Maximize access to information
At Google, we believe in open access to information. We believe that society works best when people have access to a wide variety of webpages from many sources. That’s why we do not remove webpages from Search results, except in very limited circumstances.
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Why problematic content may appear
Since Search encompasses trillions of pages across the web, occasionally results may contain content that some find objectionable or offensive. This may especially happen if the language used in a search query matches closely with the language that appears within problematic content. It might also happen in situations where fairly little useful or reliable content has been published that aligns with a particular topic. Such problematic content does not reflect Google’s own opinions. However, our belief in open access to information means that we do not remove such content except in accordance with the specific policies or legal obligations.
How we address policy-violating content

Google processes billions of searches per day. In fact, every day, 15% of the searches we process are ones we’ve never seen before. Automation is how Google handles the immense scale of so many searches. Google uses automation to discover content from across the web and other sources. Automated systems – like our search algorithms – are used to surface what seems to be the most useful or reliable content in response to particular queries. Automation also helps power our SafeSearch feature, allowing those who wish to use it to help prevent explicit content from appearing in search results.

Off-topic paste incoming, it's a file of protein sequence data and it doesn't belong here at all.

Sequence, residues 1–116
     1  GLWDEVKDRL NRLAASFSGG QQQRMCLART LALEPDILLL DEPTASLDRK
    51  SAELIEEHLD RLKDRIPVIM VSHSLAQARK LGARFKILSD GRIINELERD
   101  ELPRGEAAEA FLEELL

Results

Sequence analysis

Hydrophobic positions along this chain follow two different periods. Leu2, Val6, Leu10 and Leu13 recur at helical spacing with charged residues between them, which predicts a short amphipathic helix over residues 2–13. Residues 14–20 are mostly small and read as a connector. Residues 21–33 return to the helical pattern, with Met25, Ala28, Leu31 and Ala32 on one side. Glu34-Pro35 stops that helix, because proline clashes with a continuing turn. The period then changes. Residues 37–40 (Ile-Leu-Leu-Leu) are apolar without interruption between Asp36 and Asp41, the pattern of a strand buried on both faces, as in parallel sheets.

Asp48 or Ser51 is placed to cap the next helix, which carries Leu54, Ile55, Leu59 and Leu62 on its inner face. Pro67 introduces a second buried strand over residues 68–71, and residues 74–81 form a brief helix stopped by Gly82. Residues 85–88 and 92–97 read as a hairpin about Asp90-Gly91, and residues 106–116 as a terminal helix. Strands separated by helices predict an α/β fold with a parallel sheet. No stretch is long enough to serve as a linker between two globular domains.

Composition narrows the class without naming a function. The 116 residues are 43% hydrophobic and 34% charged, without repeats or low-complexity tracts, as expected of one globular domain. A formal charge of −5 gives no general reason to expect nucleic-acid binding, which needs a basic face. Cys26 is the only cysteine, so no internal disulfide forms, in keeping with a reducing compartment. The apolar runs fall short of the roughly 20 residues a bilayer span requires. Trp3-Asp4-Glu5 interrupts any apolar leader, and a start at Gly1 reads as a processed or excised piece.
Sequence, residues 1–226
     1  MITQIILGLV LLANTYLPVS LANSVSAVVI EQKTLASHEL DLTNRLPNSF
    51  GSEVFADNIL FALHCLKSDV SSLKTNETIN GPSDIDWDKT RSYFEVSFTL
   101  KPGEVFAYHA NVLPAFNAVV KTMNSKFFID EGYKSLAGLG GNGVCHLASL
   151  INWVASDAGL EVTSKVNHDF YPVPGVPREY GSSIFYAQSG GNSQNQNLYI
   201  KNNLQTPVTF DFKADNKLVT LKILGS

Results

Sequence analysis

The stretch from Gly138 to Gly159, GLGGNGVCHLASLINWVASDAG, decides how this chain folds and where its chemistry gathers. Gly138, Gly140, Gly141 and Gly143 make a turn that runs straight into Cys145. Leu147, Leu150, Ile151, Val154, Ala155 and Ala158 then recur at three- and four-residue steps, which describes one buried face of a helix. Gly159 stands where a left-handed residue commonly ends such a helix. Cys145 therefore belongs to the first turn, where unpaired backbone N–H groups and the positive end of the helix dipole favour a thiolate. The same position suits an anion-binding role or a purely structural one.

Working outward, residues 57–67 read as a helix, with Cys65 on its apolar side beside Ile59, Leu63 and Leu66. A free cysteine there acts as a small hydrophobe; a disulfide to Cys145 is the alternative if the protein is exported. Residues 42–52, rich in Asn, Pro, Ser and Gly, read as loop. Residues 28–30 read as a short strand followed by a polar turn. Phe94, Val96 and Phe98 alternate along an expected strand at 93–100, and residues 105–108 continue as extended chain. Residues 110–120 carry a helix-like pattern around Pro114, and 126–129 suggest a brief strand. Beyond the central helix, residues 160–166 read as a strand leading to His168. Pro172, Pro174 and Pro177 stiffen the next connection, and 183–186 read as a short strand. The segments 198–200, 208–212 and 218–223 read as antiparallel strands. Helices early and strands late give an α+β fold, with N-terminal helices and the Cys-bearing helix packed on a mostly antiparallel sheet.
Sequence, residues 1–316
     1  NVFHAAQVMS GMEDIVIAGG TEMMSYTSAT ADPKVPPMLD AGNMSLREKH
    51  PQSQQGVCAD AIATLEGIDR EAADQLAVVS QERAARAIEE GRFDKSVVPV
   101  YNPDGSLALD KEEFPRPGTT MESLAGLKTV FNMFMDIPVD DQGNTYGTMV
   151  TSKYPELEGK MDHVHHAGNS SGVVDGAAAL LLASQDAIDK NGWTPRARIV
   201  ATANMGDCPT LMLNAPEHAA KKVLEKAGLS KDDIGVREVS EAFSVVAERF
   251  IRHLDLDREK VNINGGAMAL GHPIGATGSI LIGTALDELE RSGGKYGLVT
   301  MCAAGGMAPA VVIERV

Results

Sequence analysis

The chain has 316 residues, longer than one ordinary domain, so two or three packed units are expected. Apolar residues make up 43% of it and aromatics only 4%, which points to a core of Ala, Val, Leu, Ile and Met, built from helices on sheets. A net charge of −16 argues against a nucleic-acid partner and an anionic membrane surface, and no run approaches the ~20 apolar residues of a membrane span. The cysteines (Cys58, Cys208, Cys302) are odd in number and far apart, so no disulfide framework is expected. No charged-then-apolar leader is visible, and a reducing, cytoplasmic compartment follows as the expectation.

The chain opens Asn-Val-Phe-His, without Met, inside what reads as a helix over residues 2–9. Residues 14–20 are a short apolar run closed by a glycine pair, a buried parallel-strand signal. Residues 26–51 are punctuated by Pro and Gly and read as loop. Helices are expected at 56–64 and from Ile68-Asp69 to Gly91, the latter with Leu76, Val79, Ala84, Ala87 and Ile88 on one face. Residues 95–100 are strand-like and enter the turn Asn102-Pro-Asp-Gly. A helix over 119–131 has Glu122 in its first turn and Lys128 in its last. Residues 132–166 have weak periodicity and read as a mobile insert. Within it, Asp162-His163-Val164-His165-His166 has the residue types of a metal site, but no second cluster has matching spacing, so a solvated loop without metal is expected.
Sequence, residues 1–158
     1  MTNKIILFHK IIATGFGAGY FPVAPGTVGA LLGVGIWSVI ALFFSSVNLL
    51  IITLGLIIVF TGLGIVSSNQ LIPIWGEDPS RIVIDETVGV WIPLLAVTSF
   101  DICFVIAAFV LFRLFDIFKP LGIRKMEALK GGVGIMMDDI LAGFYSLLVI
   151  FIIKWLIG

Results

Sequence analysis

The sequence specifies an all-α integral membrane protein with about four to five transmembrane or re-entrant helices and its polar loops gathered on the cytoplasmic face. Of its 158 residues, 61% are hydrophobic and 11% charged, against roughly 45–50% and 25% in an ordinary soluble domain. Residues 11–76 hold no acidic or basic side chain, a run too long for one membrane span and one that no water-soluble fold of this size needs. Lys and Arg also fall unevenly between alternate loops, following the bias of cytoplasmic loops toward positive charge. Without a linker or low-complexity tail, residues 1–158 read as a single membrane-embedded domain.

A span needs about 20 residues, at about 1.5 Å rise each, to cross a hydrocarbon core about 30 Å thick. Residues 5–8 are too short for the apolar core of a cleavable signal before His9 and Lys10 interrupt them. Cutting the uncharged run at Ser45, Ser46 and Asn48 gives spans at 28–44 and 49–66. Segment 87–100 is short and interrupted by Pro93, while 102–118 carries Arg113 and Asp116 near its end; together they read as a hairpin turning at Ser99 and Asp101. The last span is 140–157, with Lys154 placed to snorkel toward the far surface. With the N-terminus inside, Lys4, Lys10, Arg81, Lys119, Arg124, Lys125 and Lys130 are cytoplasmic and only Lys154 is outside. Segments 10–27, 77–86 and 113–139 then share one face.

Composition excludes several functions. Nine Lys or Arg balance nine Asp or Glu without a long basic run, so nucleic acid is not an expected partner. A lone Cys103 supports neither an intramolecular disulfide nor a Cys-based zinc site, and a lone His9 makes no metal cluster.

Automation is also generally Google’s first line of defense in dealing with policy-violating content. Our systems are designed to prioritize what appears to be the most useful and helpful content on a given topic. Our systems are also designed not to surface content that violates our content policies.

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No system is 100% perfect. If our process surfaces policy-violating content, we always look to resolve it by improving our automated systems. This allows us to better deal with both a particular issue that’s been detected and improve for related queries and other searches overall.

In some cases, we may also take manual action. This does not mean that Google uses human curation to rearrange the results on a page. Instead, humans are used to review cases where policy-violating content surfaces and take manual action to block this content, in the limited and well-defined situations that warrant this.

You can learn more about our policies that apply to Google Search here.